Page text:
fourth quarter. Jones gained two yards on the play.
"He really gives them a dimension in terms of
being able to run and scramble and move the
ball that way," he said. "A lot of our problems
defensively centered around our inability to con
tain the quarterback."
Husker defensive tackle Jim Skow agreed
with Osborne's assessment of James.
"I was getting pretty tired because that kid's
pretty fast and I was getting mixed up on what to
James rushed for 80 yards, but was sacked five
times for losses that totaled 57 yards.
It wasn't just Nebraska's defense that started
slowly. The offense did too. Quarterback McCa
thorn Clayton lost the first of four Husker fum
bles on the opening offensive series. Clayton ran
for 53 yards and threw for 91 before he sprained
his ankle on a run late in the third quarter. He
"New Mexico ran some defenses we're not
used to seeing," Osborne said. "They put a lot of
pressure on the quarterback and made it diffi
cult to throw. It was a gambling-type defense and
it was fairly effective against us a lot of the time.
After stopping New Mexico on four plays,
Nebraska came back with an 80-yard touchdown
drive to tie the score at seven with 6:03 left in the
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first quarter. Fullback Tom Rathman's 23-yard
run up the middle set up a 1-yard touchdown
plunge by Claytoa
Nebraska had an opportunity to take the lead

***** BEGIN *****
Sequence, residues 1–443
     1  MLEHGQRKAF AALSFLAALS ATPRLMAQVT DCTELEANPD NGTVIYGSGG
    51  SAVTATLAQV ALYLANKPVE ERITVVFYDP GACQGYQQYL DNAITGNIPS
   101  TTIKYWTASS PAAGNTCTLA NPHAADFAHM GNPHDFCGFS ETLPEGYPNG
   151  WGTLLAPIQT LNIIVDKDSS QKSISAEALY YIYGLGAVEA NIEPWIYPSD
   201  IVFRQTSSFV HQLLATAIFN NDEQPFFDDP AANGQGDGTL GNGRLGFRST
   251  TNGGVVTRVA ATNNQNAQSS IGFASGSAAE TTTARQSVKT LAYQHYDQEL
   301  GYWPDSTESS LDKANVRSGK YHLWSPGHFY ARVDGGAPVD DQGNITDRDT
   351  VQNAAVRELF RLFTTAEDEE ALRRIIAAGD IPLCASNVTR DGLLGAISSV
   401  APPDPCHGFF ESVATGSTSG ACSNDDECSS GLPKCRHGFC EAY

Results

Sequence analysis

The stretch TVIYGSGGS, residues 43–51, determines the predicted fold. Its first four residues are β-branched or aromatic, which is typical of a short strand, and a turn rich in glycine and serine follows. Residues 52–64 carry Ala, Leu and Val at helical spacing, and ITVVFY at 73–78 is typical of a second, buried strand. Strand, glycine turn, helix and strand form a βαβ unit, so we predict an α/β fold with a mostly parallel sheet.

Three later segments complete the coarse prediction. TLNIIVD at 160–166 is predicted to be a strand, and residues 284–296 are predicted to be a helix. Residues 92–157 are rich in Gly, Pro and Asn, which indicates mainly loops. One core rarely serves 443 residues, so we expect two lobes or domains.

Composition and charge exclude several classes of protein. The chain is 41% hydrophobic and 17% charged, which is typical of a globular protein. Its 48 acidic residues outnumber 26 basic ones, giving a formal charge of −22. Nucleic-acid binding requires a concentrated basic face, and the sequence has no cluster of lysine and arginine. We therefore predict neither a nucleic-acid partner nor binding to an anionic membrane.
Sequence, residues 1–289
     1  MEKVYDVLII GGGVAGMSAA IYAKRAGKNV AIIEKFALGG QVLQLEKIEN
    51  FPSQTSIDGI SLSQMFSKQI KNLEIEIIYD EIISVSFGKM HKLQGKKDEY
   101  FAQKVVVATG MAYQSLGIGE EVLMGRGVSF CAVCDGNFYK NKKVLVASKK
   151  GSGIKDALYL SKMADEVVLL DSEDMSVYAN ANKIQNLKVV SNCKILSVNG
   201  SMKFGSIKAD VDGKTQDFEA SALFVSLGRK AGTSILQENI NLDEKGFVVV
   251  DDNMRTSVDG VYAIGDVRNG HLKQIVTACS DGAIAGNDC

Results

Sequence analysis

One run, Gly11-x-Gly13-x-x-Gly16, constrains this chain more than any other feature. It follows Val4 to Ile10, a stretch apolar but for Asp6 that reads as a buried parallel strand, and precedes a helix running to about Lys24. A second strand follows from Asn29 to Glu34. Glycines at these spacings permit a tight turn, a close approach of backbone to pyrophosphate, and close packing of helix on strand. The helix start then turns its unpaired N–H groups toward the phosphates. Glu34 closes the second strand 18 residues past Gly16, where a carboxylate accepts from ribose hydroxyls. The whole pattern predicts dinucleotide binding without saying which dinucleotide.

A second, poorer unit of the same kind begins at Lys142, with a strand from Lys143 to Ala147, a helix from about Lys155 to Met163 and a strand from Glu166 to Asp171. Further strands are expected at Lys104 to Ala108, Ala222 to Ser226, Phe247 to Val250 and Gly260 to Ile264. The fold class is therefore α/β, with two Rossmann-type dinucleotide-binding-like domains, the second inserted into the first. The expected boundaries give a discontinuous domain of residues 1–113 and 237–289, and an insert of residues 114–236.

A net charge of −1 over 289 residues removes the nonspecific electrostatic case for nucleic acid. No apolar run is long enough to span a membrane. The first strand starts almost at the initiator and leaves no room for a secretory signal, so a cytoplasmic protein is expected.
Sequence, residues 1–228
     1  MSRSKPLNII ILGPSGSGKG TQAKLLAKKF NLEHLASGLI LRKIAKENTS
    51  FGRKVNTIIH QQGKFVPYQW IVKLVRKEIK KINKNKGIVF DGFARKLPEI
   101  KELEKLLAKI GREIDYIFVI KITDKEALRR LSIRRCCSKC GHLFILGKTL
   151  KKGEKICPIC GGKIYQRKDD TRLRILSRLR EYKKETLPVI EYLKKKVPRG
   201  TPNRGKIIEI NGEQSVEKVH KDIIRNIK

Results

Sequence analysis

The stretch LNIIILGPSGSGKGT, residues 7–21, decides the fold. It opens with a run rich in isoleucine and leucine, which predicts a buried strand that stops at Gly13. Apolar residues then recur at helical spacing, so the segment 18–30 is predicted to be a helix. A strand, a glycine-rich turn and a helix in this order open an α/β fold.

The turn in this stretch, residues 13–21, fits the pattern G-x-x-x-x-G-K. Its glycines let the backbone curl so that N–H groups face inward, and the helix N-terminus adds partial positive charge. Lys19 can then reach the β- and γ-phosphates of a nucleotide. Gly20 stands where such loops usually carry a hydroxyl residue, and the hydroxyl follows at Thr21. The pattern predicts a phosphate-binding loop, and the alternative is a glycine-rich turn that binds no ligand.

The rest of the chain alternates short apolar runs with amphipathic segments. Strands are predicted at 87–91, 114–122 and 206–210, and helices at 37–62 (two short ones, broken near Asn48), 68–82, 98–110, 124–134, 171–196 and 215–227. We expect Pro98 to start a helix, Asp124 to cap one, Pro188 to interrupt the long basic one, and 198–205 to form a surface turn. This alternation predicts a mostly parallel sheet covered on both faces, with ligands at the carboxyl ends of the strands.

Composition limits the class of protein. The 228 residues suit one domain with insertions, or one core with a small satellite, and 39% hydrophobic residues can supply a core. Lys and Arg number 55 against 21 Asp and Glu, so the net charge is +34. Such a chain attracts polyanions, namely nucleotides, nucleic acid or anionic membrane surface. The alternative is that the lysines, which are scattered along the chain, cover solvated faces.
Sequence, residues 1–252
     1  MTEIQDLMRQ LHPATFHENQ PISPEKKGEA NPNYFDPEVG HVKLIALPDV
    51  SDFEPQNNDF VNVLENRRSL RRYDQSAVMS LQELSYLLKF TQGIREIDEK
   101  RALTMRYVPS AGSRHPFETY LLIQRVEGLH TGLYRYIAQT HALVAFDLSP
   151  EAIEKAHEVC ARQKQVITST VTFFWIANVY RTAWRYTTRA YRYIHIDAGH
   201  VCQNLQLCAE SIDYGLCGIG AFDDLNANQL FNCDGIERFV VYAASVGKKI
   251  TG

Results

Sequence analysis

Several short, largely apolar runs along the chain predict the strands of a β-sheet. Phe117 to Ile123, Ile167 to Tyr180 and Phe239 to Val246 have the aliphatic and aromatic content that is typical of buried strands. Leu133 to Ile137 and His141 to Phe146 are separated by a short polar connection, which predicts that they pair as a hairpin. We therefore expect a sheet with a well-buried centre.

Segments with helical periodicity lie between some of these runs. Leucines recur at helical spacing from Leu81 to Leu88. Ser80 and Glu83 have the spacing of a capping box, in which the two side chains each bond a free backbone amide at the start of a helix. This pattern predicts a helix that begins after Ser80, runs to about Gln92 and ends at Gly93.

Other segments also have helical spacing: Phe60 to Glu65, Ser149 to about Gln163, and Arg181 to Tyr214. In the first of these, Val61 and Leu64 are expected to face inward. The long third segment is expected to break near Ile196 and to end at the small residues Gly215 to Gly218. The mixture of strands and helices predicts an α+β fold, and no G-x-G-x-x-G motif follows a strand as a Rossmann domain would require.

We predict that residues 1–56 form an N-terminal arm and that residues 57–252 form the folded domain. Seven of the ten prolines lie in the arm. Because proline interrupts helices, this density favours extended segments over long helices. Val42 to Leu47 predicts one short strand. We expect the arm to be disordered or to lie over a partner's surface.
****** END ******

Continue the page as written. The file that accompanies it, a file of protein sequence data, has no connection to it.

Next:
early in the second quarter when it drove to the
Lobo's 10-yard-line, but Dale Klein missed a 27
yard field goal to stymie the drive.
An interception by right cornerback Mike Carl
late in the second quarter set up the Huskers'
second touchdown. After Carl returned the ball
to the New Mexico 40-yard-line, Clayton hit split
end Robb Schnitzler on the left sideline for a
37-yard gain. Three plays later, Clayton scored
from two yards out
Please see HUSKERS on 7
i Athletes really ay
the price for use
of university facilities
Bill Allen has obviously been misin
formed about the amount due from the
university's scholarship athletes (Daily
Nebraskan, Oct. 4). They pay a dear
price for their tuition, housing, bpoks,
etc. They are reminded of this price
every time their muscles are strained
and their bodies ache after facing
hours of brutal conditioning and prac
tice. It is true, the athletes have special
facilities and services. It also is true
that revenues generated by the athletic
programs help to pay for these facili
ties and services. So in a very real
sense, the athletes paid for these privi
leges as well.
As for Allen's expressed interest in
the athletic academic counselor's
position, I would have to vote for a
R-E-J-E-C-T-I-O-N. The man obviously is
lacking in intelligence. Tell me, what
kind of person with an ounce of brains
would invite potential physical harm
by making potshots at people like Mike
Knox, Bill Lewis and Jim Skow?
11th & M Streets o 474-4244